Ammonium Nitrate: The Beirut Explosion

In News:

A catastrophic blast occurred recently at the Lebanon capital, Beirut. The blast was driven by tonnes of Ammonium Nitrate that killed more than 135 people. Also, it injured more than 1000s.

Ammonium Nitrate:

Ammonium Nitrate is a white, crystalline chemical that is soluble in water. It is the main ingredient used to manufacture commercial explosives

India:

In India, the use of Ammonium Nitrate is defined by the Ammonium Nitrate Rules, 2012 under the Explosives Act, 1884. According to the rules, it is a compound that has more than 45% of ammonium nitrate by weight. This includes suspensions, emulsions, gels or melts excluding fertilizers, slurry explosives and non-explosive emulsion matrix.

The rules also make the storage of large quantities of ammonium nitrate illegal. In order to manufacture Ammonium Nitrate in India, industrial license is required under Industrial Development and Regulation Act, 1951.

United Nations Classification of Dangerous Goods:

Under the UN classification of dangerous goods, ammonium nitrate is classified as an oxidiser. However, it can be used as an explosive when mixed with other contaminants.

As an Explosive:

The Improvised Explosive Devices used by terrorists in the world contain Ammonium Nitrate Fuel Oil (ANFO). Ammonium Nitrate when used as with RDX or TNT can create catastrophic effects. In majority of terror attacks in India in places such as Varanasi, Pulwama, Pune, Malegaon, Delhi, Mumbai and Hyderabad, ammonium nitrate is used with the initiator RDX.

Ammonium Nitrate: Major Fire Hazard:

The explosion of ammonium nitrate can happen in two ways. One, when the stored chemical comes in contact and the other is due to fire that starts due to extensive oxidation process. The Beirut explosion is due to oxidation at large scale.

Previous Incidents:

In 1921, around 4,500 tonnes of Ammonium Nitrate exploded in Oppau, Germany that killed 500 people. In 1947, around 2,000 tonnes of ammonium nitrate detonated at Galveston Bay, Texas killing 581 people. In 2015, an explosion due to Ammonium nitrate killed 173 people in Tianjin port, China.

Japan marks 75 years of atomic bomb attacks on Hiroshima and Nagasaki

In News:

Japan marks the 75th anniversary of the world’s first atomic bomb attack on the city of Hiroshima.

Details:

In 1945, the United States warplane Enola Gay dropped an atom bomb named “Little Boy” in the city of Hiroshima killing 140,000 people. Three days later, on August 9, the United States dropped another atom bomb “Fat Man” in Nagasaki that killed more than 40,000 people.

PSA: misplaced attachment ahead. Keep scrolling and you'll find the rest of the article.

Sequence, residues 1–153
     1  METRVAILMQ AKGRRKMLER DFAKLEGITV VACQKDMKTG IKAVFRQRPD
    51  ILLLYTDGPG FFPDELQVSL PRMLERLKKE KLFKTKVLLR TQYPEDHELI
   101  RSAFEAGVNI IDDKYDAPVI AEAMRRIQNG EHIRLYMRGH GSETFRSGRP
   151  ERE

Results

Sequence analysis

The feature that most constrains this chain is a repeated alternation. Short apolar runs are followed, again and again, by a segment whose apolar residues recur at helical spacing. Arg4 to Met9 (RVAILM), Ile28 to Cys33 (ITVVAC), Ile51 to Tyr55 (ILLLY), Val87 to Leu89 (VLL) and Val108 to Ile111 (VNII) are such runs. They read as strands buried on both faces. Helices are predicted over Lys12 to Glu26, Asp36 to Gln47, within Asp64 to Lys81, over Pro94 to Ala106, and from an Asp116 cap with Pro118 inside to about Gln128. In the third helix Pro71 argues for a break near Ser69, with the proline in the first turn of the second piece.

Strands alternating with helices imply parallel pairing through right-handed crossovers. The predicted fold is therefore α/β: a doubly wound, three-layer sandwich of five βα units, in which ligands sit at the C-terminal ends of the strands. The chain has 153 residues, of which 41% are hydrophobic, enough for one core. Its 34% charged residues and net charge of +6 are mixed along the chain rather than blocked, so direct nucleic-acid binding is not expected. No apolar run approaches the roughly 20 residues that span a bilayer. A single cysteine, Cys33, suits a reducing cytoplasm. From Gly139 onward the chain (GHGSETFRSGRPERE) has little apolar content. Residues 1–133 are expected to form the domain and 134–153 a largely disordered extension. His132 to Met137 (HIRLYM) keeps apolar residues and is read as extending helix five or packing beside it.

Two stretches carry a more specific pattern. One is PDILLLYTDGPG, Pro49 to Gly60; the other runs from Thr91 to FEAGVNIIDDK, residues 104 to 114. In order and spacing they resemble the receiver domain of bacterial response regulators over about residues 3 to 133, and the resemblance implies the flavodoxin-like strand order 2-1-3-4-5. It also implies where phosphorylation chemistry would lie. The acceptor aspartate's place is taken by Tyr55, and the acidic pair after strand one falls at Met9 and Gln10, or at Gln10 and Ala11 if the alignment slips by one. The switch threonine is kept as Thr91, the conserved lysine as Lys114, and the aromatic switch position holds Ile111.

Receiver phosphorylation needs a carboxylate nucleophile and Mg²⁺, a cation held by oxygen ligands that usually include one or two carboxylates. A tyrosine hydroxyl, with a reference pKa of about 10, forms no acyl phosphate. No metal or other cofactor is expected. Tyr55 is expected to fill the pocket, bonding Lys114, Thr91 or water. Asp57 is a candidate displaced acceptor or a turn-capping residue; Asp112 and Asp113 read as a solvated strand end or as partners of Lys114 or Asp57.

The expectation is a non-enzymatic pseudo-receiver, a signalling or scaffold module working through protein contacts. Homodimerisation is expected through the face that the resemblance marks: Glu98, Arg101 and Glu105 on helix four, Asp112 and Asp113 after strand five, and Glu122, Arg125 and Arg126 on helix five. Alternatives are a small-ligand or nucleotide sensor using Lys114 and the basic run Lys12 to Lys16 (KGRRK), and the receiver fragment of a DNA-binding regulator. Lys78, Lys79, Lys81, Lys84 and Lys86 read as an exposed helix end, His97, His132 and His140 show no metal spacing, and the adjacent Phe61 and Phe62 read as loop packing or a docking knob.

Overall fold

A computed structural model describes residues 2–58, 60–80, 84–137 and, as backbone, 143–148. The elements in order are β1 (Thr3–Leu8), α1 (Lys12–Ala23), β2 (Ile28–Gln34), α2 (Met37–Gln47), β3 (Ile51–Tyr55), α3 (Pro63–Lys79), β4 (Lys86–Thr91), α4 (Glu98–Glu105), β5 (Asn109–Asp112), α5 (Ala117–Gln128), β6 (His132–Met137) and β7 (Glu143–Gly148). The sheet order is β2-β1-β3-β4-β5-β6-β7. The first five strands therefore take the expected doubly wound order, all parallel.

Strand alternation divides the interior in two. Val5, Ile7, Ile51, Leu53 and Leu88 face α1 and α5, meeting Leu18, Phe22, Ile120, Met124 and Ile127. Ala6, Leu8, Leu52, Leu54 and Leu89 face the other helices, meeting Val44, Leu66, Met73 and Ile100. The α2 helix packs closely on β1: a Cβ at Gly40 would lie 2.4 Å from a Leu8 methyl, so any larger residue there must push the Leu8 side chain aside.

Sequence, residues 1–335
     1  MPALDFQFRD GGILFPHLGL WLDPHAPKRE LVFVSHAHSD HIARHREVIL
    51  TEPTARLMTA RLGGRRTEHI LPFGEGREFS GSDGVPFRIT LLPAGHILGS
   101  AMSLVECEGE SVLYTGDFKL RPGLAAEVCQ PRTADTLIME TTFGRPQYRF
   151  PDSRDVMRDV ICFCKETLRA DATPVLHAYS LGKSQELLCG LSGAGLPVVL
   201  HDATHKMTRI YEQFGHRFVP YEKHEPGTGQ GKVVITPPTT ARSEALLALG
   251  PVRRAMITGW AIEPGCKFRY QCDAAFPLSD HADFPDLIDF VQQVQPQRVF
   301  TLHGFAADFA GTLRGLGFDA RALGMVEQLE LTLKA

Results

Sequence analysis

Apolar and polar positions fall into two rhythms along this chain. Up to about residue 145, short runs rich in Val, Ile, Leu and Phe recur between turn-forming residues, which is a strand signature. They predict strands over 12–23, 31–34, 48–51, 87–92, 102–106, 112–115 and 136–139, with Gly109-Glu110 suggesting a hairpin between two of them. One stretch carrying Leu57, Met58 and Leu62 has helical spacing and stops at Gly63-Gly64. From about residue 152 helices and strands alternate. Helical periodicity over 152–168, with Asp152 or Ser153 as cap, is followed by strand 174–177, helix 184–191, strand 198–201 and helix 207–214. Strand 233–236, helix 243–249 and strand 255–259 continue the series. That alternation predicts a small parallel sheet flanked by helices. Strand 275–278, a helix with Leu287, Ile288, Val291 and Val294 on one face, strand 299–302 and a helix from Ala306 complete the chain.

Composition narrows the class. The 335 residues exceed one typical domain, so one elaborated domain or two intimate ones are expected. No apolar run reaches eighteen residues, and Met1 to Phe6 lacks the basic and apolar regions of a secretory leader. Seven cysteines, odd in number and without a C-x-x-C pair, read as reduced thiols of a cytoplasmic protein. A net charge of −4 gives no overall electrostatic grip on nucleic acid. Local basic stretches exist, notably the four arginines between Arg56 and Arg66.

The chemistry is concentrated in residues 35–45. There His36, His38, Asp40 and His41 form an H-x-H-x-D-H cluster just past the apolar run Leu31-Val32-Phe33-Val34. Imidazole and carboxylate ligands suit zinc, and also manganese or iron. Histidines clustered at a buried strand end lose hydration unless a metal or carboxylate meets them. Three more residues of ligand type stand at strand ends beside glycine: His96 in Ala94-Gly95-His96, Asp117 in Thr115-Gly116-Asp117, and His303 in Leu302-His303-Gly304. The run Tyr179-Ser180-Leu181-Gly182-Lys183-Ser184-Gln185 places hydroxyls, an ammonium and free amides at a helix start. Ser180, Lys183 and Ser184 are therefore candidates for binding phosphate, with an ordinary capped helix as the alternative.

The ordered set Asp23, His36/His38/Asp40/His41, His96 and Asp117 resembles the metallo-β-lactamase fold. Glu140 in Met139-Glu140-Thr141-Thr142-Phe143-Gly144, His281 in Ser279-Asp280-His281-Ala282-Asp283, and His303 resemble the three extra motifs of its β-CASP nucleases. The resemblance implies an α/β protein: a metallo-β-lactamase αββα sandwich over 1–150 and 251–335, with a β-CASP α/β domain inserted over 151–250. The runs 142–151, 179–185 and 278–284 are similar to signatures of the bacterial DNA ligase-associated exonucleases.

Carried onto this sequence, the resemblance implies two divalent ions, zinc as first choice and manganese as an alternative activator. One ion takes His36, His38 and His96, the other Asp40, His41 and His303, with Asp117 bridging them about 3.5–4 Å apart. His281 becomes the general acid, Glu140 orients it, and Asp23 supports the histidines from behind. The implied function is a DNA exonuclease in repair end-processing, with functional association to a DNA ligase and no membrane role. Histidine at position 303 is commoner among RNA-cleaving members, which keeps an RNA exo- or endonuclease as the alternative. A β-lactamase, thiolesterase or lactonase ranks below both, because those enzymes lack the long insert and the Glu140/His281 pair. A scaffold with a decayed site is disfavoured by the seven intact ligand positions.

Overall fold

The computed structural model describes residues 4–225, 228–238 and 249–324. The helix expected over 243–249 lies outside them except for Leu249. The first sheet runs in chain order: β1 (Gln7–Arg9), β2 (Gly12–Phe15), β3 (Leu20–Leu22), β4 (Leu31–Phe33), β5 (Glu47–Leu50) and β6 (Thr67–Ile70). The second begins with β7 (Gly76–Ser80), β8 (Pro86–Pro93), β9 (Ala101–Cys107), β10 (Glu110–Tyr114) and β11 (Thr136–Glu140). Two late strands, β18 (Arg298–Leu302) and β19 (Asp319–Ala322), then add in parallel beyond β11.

The survivors of the bomb are known as “Hibakushas”. The Hibakushas experienced long-term effects and elevated risks of thyroid cancer and leukemia.

Why the atom bomb?

The relations between Japan and the USA worsened after the end of World War II in 1945. This was mainly because, the Japanese forces decided to capture oil rich areas of the East Indies. Thus, US President Harry Truman authorised to drop the bomb to make Japan surrender in the war, which it did.

Why Hiroshima and Nagasaki?

The USA chose the cities of Hiroshima and Nagasaki targeting military production of the country. The main aim was to destroy ability of Japan to fight wars. Hiroshima was one of the army headquarters of Japan. Also, it was the largest military supply depot for troops and supplies.

Nagasaki, on the other hand was one of the largest seaports in southern Japan. It was of great wartime importance for its wide-ranging industrial activity in military equipment, production of ordnance, ships and other war materials.

Quebec Agreement:

The Agreement was signed in 1943 by the US and UK to pool their resources to develop nuclear weapons. The countries under the agreement also agreed that neither of the countries would use the nuclear weapons against each other.

First Nuclear Weapon Testing:

Before dropping the bomb in the cities of Japan, the US did test its nuclear weapons. The nuclear weapons were tested at the Trinity site on July 16, 1945. The testing was a part of the Manhattan Project

Manhattan Project:

The project was a Research and Development programme conducted by USA, UK and Canada. It was led by USA. The project aimed to develop first nuclear weapons to be used in world war II.